Due to the severity of the punishment for fleeing and eluding based on this new legislation, it is of vital importance to speak with an experienced criminal defense attorney about your case. At the Law Offices of W. Scott Smith, our lawyers are trained to know every aspect of this new law, we understand the defenses to the charge, we take pride in advocating for our clients’ constitutional rights, and we detail all options for our clients when defending their case. If you or a loved one has been charged with fleeing and eluding, please call our office today at 404-581-0999 for a free consultation.

What is an arraignment and what happens after?

If you have been charged with a crime in Georgia, you will likely receive a court date in the mail, informing you that your case has been scheduled for an arraignment. An arraignment is an opportunity to have your charges read aloud in open Court, and for you to enter a plea of guilty, not guilty, or nolo. If your case is in Dekalb, Cobb, Fulton, Douglas, Clayton, or another State Court, then you are able to waive this arraignment by filing a waiver of arraignment with the Court. Many attorneys typically waive arraignment on behalf of their clients as a matter of course. This is because State Court arraignments are typically formalities, and not really necessary if you have retained an attorney (you are pleading not guilty! That’s why you hired an attorney!).

If your case is located in Municipal Court, your court dates will likely all say “arraignment.” This is because many Municipal Courts hold arraignment calendars every day. Arraignment in Municipal Court, unlike in State Courts, cannot be waived, even if it is your first court date. If this is the case, you must be present at your first court date.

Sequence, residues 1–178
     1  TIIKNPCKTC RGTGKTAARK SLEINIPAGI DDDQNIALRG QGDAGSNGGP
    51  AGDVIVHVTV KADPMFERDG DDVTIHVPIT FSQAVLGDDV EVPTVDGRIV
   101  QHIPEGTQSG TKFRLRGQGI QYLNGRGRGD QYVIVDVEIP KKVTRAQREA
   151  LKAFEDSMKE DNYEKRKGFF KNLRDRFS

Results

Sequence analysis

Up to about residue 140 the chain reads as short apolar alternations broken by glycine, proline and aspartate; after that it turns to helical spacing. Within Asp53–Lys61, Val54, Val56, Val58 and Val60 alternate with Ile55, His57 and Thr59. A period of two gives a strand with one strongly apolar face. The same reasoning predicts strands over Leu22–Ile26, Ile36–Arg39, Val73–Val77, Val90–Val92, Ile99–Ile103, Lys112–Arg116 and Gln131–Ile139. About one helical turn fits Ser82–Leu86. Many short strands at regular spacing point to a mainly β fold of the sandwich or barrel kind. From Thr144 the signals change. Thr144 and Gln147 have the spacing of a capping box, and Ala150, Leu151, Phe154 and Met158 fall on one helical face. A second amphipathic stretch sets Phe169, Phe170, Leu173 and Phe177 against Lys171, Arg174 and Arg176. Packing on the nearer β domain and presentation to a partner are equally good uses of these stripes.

Some time after your arraignment date, if you or your attorney has filed a motion requesting discovery, the Prosecutor will send discovery. Discovery is the evidence that the prosecutor has which they plan on using in your case. If it has been several weeks since your arraignment and you have not received discovery after you have requested it, you should reach out to an attorney or to the Court to tell them that you have not received it.

The criminal legal process can be confusing and scary. You are not alone. We have an experienced team of attorneys who can guide you through the process from arraignment through trial. Reach out to our office today for a free consultation. Call us at 404-581-0999. Written by Attorney Katherine Edmonds.

What to expect during a DUI stop in Marietta, GA

By: Attorney Alex Henson

If you are suspected of driving under the influence of alcohol in Marietta, GA you might be pulled over and investigated by police. What can you expect during a DUI stop?

First, the officer might ask you if you’ve had anything to drink. You have the right to remain silent and refuse to answer the question, but always be polite and respectful. Any statements you make could be used against you later in court.